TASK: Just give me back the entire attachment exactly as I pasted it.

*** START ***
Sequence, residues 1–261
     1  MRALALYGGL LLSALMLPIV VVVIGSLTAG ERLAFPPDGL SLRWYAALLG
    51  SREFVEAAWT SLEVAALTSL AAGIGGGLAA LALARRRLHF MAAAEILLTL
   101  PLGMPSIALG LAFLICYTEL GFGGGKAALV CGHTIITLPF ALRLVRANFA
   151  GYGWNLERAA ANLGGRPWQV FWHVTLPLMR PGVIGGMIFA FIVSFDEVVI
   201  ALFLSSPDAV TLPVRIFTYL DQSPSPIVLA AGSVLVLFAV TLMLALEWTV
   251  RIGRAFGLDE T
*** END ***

Sequence, residues 1–261
     1  MRALALYGGL LLSALMLPIV VVVIGSLTAG ERLAFPPDGL SLRWYAALLG
    51  SREFVEAAWT SLEVAALTSL AAGIGGGLAA LALARRRLHF MAAAEILLTL
   101  PLGMPSIALG LAFLICYTEL GFGGGKAALV CGHTIITLPF ALRLVRANFA
   151  GYGWNLERAA ANLGGRPWQV FWHVTLPLMR PGVIGGMIFA FIVSFDEVVI
   201  ALFLSSPDAV TLPVRIFTYL DQSPSPIVLA AGSVLVLFAV TLMLALEWTV
   251  RIGRAFGLDE T